What are you doing at present? Where do you think you are going wrong?

I would suggest finding an activity that you know you have in common with people, like a running club or a choir, or whatever you fancy. Then you already know you have something to build a friendship on. Then when you go, smile, make eye contact, make general chitchat for a while. If there is someone you get on with well, ask them if they'd like to go and do something with you (take a coffee? go for a walk? something else you have in common?).

Start off there and see. Don't be too intense at the start and don't hound people with text messages.

HooNose Sat 08-Mar-14 20:21:14

If there is someone you get on with well, ask them if they'd like to go and do something with you (take a coffee? go for a walk? something else you have in common?). Start off there and see. Don't be too intense at the start and don't hound people with text messages.

Yes, that is definitely something I find difficult (asking people to do something with me). I fear the rejection so badly that I prefer a sort of self imposed rejection ie not asking them at all.

And yes, not being too intense is a hard one too. I am an intense person so although I know I have to hold off, I find that hard to do. I think that is why I have more success, initially, making friends over the internet because I can control that intensity more easily.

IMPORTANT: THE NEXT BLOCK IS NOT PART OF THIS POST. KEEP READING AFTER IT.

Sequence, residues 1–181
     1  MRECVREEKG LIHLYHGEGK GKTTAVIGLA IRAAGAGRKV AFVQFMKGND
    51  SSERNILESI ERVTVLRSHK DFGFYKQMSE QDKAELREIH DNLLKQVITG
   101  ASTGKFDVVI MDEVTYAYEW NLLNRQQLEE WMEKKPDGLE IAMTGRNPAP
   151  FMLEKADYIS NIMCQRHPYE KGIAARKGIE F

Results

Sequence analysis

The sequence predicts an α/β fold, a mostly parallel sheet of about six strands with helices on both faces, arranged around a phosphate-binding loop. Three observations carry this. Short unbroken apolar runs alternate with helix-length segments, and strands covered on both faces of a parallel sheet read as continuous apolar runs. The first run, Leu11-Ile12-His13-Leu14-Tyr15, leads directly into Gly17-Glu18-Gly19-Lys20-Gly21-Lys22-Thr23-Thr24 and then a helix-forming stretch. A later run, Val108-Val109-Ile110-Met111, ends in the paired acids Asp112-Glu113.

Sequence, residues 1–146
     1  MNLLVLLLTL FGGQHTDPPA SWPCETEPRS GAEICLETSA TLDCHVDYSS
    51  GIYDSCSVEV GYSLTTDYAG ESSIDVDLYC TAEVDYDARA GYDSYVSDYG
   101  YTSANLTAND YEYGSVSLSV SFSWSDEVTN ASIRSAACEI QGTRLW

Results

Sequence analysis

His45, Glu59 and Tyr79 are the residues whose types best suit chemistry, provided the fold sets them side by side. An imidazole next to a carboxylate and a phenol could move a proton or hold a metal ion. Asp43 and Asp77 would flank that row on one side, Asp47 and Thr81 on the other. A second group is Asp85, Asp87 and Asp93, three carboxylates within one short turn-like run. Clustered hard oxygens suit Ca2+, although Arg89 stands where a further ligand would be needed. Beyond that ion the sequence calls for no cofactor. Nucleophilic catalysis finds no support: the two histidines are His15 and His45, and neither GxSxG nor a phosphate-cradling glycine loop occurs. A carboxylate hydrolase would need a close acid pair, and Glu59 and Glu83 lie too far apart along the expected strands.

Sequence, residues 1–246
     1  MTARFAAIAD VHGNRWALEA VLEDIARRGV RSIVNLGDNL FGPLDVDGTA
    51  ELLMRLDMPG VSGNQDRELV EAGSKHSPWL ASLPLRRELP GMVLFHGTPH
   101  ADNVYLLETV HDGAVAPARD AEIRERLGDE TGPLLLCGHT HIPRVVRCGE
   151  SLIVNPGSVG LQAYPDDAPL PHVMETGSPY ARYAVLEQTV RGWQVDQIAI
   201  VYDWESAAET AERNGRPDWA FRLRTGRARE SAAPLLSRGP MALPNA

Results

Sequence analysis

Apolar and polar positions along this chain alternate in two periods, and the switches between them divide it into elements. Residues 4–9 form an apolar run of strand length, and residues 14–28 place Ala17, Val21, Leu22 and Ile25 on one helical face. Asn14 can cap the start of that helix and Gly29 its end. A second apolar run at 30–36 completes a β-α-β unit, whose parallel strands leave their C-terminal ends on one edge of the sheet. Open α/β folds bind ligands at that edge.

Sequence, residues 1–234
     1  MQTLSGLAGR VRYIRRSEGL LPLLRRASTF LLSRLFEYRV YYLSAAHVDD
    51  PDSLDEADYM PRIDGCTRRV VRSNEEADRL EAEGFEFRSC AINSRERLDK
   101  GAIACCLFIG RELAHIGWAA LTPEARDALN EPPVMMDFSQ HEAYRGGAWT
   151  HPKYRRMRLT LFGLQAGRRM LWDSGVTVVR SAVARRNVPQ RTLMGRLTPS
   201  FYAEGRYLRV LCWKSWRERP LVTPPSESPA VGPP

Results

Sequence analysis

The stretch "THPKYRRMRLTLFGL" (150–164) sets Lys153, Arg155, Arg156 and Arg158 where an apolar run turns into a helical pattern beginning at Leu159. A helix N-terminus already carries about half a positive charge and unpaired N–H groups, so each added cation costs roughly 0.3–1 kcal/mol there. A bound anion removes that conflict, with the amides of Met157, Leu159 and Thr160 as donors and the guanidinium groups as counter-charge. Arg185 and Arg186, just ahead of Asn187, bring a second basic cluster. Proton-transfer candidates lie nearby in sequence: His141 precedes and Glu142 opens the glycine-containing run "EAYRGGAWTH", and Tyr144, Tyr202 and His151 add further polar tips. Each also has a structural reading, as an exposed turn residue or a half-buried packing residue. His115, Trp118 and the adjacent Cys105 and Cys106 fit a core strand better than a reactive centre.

At least I don't hound people with text messages or anything else! My usual approach is to avoid eye contact, speak as little as possible, and feign an indifference to everything so it won't look like I am trying to be friends in case I am rejected.

I realise I am not - am I allowed to say 'normal' here without offending anyone? No offence intended anyway. How do you know when to ask people for a coffee, say. How do you deal with someone saying 'no thanks' or saying yes and then backing out later?

something2say Sat 08-Mar-14 20:25:06

I'd advise trying to chat more with strangers. The local shop, the neighbours, people you come across in your travels. Open up your social skills a bit at a time x

nerofiend Sat 08-Mar-14 20:46:34

Ah what can I say OP? I used to make friends easily in my early and late twenties, and never gave making friends a lot of thought. But now I'm forty and after realising that a lot of those people I befriended were not real friends, and having had some nasty experiences with female friends, I wouldn't know what to advise anymore.